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Information provided by:
Coalition for a Tobacco Free Hawaiʻi
1500 South Beretania, Suite 309
Honolulu, HI 96817
Tel: 808-946-6851
Fax: 808-946-6197

Secondhand Smoke: A Little is Dangerous

Are patrons at risk, along with restaurant and bar employees? It is sometimes argued that while long term exposure to secondhand smoke boosts the risk of cancer, short term exposure in a restaurant or a bar does no real damage. This is false. Breathing secondhand smoke for just twenty minutes has substantial, advers e effects on the heart, blood, and blood vessels.

5 minutes exposure = smoking a cigarette...
Five minutes exposure to secondhand smoke stiffens the aorta (the main artery carrying blood from the heart to the body) as much as smoking a cigarette. More arterial stiffness makes the heart work harder to pump blood.

20 minutes exposure = smoker’s blood platelets...

Twenty minutes of breathing secondhand smoke at levels similar to those measured in bars activates blood platelets involved in the clotting process as much as it does in pack-a-day smokers.
These activated platelets increase the chances of getting a heart attack or stroke. They also can damage the artery lining in a way that leads to cholesterol buildup, narrowing the arteries, in turn causing coronary heart disease, chest pain, and heart at tacks. In the short term, activated platelets are more likely to form a blood clot (thrombus) in the blood stream. If this clot blocks an artery in the heart, it causes a heart attack. In the brain, it causes a stroke.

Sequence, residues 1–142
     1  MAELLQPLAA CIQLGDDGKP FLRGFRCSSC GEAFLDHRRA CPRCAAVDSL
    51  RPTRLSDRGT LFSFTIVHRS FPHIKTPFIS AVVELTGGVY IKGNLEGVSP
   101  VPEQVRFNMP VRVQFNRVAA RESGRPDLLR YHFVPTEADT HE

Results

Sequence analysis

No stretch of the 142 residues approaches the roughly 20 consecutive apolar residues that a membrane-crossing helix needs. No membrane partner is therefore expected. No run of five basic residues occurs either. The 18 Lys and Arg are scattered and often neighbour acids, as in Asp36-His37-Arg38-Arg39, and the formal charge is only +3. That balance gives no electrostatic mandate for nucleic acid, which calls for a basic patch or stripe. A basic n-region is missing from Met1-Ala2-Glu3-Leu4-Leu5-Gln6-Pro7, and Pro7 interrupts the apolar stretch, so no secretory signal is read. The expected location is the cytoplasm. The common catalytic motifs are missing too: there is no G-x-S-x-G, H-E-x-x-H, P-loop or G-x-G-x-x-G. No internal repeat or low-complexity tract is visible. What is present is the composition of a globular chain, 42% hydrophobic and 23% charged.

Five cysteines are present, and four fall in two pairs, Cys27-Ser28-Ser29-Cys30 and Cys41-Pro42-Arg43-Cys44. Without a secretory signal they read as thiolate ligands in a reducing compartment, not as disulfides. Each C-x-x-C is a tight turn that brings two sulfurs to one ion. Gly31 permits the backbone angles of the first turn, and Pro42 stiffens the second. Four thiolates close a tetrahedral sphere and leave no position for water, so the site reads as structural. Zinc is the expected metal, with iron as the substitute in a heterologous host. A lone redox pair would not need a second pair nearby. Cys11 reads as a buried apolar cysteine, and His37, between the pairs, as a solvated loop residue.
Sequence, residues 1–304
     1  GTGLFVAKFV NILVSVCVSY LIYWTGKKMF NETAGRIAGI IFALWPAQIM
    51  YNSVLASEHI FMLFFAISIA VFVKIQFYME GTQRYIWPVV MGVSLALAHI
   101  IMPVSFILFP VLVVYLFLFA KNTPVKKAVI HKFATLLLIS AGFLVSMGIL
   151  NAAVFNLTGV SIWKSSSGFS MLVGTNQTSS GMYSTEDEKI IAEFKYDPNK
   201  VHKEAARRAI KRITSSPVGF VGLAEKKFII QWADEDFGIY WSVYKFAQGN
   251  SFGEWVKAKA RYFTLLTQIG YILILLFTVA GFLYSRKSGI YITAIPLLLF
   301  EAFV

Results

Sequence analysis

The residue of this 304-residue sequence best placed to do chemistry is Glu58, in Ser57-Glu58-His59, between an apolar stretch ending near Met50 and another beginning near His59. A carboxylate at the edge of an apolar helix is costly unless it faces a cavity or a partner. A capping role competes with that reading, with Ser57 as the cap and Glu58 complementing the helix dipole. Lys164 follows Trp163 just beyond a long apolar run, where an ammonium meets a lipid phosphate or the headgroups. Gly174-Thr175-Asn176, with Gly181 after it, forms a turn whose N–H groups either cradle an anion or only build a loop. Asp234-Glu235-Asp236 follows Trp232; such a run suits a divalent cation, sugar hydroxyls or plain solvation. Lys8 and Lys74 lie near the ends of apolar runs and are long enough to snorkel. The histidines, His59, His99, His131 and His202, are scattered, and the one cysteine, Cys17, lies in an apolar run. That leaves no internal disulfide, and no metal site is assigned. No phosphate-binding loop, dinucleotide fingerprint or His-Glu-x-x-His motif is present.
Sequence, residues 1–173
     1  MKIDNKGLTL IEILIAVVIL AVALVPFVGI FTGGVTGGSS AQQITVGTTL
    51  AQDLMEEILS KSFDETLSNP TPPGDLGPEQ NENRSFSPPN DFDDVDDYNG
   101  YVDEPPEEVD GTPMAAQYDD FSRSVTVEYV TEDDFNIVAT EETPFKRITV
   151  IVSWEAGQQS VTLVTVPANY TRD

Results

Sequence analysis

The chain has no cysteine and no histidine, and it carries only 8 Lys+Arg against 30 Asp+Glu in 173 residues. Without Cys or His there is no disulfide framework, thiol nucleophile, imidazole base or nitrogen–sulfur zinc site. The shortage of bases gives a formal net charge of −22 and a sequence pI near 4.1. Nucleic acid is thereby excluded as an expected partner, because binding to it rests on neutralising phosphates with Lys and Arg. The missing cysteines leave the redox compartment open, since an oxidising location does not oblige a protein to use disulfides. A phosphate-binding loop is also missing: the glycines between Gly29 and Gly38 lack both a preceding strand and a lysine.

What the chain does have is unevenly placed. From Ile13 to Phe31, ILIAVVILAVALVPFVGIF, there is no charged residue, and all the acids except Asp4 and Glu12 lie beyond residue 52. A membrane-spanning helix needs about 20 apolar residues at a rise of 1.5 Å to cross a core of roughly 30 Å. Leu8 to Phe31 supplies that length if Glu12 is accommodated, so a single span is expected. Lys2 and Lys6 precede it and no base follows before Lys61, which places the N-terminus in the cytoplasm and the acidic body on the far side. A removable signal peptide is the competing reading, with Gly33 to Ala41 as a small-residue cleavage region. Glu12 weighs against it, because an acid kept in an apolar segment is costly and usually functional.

30 minutes exposure = smoker’s arteries... Thirty minutes of secondhand smoke compromises a non-smoker’s coronary arteries to the same extent as in smokers. Blood vessels (coronary arteries) that supply the heart are exquisitely sensitive to secondhand smoke toxins, as the chart below shows. Other studies show similar effects on non-coronary arteries.
And lingering cholesterol effects...
Thirty minutes of breathing secondhand smoke compromises the ability of your blood to manage LDL ("bad") cholesterol by depressing anti-oxidant defenses — and the effect persists for several hours after exposure ends. Th ese changes boost the risk of building up the arterial fat deposits that lead to heart attacks and strokes.

120 minutes = greater risk of irregular heartbeat...

Breathing secondhand smoke also can speed up your heart rate while, at the same time, reducing "heart rate variability" — small, random variations in heartbeat. While the mechanism is not yet fully understood, reductions in heart rate varia bility signal problems in the nervous system’s control of the heart, increasing the chance of an irregular heart beat (arrhythmia) that can itself be fatal or trigger a heart attack.

Summary of brief exposure risks...

All of these effects not only increase the long term risks of developing heart disease, but also increase the immediate risk of heart attack. And if someone suffers a heart attack while breathing secondhand smoke, it will likely be worse.

Secondhand smoke also causes wheezing, asthma attacks and other respiratory symptoms, and burning eyes, nose and throat. These effects, if caused by any industrial pollutant, would warrant strong corrective action.

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